SpaceX is about to launch four astronauts in the first human-rated commercial spacecraft.
This will not be SpaceX’s first human mission. NASA astronauts Bob Behnken and Doug Hurley boarded the company’s Crew Dragon spacecraft this summer, flew into Earth orbit, and docked at the International Space Station. After two months of living and working on the space station, they boarded the Crew Dragon, screamed into the atmosphere and parachuted safely to Earth.
But the entire mission was considered a demo, a critical step in achieving NASA human spaceflight certification.
On Tuesday, NASA announced that it has finally certified SpaceX’s entire launch system for human spaceflight.
That decision was the result of the agency’s readiness to fly review, in which experts and officials spent two days reviewing SpaceX’s Falcon 9 rocket, Crew Dragon spacecraft, software and mission operations.
The certification came just days before SpaceX’s next planned astronaut launch, scheduled for Saturday. The company has already perched a new crew dragon on the rocket in preparation for that mission, its longest and most critical. Called Crew-1, the round-trip mission to the space station is the first of six that Elon Musk’s rocket company has entered into with NASA.
“People tend to think it’s just the spaceship, but it’s the spaceship, it’s the launch vehicle, it’s all the processing on the ground, it’s the way you do your mission operations. All of that will make you fly in. security our crew to the International Space Station and back and then recover, “Kathy Lueders, who leads NASA’s human spaceflight program, said at a news conference Tuesday. “You showed us the data and we trust you. It’s a big trust factor here.”
If time permits, SpaceX’s Falcon 9 will launch the Crew Dragon into space Saturday at 7:49 PM ET. On board will be astronauts Mike Hopkins, Victor Glover, Shannon Walker and Soichi Noguchi. They are expected to dock at the space station eight and a half hours later, where they will remain for about six months, marking the longest human space flight in US history.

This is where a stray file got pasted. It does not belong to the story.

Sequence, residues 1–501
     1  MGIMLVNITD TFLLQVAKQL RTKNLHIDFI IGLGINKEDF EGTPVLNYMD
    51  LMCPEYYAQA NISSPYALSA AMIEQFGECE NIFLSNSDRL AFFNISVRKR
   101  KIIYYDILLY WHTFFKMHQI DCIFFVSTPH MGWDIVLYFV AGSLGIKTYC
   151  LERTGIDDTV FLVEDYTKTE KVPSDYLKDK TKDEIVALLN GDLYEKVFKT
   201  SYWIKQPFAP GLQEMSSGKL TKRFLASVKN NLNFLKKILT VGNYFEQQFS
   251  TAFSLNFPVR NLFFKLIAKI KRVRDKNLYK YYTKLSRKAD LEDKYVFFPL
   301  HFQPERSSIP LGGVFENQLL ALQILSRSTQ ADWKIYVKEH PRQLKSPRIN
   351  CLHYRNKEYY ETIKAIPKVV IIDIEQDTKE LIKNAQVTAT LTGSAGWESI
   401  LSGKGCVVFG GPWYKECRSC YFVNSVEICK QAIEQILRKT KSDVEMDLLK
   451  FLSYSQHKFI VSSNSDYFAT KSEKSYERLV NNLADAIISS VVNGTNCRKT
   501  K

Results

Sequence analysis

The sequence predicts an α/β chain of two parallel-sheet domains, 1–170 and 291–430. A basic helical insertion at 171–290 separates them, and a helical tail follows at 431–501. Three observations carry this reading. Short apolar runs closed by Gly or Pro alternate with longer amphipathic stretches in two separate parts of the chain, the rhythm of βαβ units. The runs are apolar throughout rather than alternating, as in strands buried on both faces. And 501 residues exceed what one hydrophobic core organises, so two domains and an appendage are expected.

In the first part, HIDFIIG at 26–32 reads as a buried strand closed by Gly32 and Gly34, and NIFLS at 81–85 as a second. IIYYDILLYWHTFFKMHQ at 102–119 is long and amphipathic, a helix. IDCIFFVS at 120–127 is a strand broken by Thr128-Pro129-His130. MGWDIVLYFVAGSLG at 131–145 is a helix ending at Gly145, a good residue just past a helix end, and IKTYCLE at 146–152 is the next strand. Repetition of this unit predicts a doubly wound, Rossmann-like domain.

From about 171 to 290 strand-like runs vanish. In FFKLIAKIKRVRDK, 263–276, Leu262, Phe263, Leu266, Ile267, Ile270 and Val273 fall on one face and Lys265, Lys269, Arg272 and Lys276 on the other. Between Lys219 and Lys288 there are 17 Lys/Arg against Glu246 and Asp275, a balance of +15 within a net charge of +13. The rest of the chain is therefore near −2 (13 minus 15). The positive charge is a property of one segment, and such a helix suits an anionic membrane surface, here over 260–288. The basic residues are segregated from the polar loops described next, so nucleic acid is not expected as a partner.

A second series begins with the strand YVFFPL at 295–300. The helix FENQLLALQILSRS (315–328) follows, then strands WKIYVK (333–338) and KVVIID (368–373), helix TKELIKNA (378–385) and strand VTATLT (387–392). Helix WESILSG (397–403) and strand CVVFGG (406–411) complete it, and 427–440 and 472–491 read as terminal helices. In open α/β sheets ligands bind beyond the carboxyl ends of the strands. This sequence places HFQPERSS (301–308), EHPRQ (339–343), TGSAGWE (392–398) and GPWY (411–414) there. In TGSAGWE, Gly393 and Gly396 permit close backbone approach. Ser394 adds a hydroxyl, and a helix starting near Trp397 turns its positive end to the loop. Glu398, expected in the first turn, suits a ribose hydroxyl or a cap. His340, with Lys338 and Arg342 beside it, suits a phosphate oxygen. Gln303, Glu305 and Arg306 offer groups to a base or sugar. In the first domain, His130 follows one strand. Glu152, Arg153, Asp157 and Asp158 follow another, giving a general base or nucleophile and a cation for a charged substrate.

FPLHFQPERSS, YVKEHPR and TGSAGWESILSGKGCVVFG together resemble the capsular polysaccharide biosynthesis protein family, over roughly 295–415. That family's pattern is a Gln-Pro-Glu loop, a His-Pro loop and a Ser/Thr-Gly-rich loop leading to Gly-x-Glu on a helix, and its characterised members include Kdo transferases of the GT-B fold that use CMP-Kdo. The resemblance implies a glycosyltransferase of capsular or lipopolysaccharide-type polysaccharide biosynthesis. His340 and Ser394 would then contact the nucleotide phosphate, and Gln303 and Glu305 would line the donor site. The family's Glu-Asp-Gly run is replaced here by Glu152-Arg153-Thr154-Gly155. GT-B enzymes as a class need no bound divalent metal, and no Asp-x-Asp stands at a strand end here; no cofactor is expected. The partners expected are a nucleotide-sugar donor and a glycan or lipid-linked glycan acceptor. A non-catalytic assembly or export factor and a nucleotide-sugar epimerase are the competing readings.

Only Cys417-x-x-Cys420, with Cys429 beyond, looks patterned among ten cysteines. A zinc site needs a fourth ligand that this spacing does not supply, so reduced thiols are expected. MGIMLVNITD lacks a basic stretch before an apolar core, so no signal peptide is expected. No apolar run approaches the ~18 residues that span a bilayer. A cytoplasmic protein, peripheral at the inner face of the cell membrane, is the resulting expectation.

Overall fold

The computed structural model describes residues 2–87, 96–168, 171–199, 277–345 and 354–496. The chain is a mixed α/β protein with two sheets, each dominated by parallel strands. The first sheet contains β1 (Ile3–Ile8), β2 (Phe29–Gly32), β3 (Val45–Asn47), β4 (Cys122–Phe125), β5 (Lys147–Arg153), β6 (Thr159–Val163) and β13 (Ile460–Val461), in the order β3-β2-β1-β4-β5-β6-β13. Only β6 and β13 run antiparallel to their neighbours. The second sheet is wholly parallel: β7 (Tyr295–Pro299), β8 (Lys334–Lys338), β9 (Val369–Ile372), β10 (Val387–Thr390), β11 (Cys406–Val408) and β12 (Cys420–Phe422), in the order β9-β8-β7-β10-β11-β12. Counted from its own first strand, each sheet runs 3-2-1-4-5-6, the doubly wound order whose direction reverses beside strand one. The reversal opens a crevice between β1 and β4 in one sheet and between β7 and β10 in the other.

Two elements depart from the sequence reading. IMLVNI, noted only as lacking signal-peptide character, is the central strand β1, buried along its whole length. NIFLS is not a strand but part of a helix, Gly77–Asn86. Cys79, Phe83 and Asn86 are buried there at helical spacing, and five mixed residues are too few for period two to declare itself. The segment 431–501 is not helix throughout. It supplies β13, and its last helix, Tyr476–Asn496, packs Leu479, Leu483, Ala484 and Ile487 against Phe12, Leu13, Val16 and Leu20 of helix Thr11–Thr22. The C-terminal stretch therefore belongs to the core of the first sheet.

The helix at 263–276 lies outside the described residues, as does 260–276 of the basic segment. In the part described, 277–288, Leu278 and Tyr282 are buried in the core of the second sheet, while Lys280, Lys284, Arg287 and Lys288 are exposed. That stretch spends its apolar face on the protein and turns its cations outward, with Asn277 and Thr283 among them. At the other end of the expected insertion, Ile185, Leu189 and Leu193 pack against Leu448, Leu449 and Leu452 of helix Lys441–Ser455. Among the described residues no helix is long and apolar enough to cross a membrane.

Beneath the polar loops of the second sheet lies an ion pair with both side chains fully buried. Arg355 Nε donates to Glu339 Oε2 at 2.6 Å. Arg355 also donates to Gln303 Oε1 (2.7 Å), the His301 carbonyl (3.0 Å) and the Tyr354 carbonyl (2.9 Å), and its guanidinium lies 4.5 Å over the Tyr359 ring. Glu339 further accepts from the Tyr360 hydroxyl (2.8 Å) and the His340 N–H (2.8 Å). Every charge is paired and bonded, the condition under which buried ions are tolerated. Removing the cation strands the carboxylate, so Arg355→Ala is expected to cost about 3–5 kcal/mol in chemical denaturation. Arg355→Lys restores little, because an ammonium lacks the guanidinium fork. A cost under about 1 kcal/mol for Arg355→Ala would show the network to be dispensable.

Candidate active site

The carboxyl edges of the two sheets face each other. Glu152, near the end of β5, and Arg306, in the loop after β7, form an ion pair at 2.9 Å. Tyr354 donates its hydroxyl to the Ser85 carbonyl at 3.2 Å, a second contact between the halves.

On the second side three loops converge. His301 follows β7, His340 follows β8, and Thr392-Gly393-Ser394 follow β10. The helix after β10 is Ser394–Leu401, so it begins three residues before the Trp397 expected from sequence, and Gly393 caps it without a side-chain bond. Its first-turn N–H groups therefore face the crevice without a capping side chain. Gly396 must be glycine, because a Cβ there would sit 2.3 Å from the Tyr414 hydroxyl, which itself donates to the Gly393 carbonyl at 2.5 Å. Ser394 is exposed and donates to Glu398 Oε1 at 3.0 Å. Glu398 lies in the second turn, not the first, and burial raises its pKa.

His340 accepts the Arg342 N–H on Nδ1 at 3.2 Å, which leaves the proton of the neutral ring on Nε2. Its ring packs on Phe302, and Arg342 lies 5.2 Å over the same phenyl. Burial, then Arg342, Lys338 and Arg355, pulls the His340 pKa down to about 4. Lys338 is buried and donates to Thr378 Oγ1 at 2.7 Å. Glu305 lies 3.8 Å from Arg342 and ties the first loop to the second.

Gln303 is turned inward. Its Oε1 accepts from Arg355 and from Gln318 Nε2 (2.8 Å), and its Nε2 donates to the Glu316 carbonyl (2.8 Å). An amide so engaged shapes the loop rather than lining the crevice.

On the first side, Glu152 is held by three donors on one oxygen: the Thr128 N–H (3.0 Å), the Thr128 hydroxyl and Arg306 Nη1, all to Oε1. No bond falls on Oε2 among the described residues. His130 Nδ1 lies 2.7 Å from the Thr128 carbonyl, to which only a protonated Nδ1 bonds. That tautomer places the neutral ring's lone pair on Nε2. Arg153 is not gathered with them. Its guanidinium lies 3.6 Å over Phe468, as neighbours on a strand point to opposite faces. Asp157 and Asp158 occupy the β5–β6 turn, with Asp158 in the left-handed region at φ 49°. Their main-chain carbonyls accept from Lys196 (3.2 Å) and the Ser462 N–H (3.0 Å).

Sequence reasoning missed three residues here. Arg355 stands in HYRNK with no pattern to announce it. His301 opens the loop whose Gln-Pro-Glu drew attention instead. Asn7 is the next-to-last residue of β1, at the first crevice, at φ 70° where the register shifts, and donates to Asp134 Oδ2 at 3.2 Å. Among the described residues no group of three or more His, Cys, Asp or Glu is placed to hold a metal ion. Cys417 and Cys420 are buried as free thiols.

When it’s time to go home, the astronauts will board the Crew Dragon, which will remain attached to the space station during their stay, then suffer a fiery fall through Earth’s atmosphere.
“The lives of the crew are in our hands – a very important responsibility,” Lueders said.
This is the first time NASA has certified a human flight system since the Space Shuttle program began nearly 40 years ago. The decision was the culmination of 10 years of development and testing funded through NASA’s Commercial Crew Program, which was created to restore US human-space flight capabilities through commercial partnerships. The government has spent more than $ 6 billion on this effort, according to The Planetary Society. The program could finally realize its goal with the launch on Saturday.
“Thanks to NASA for their continued support of SpaceX and the partnership in achieving this goal,” Musk said in a press release. “I could not be prouder of everyone at SpaceX and all of our suppliers who worked hard to develop, test and fly the first commercial human spaceflight system in history to be certified by NASA. This is a great honor that inspires confidence in our attempt to return to the moon, travel to Mars and ultimately help humanity become multi-planetary. “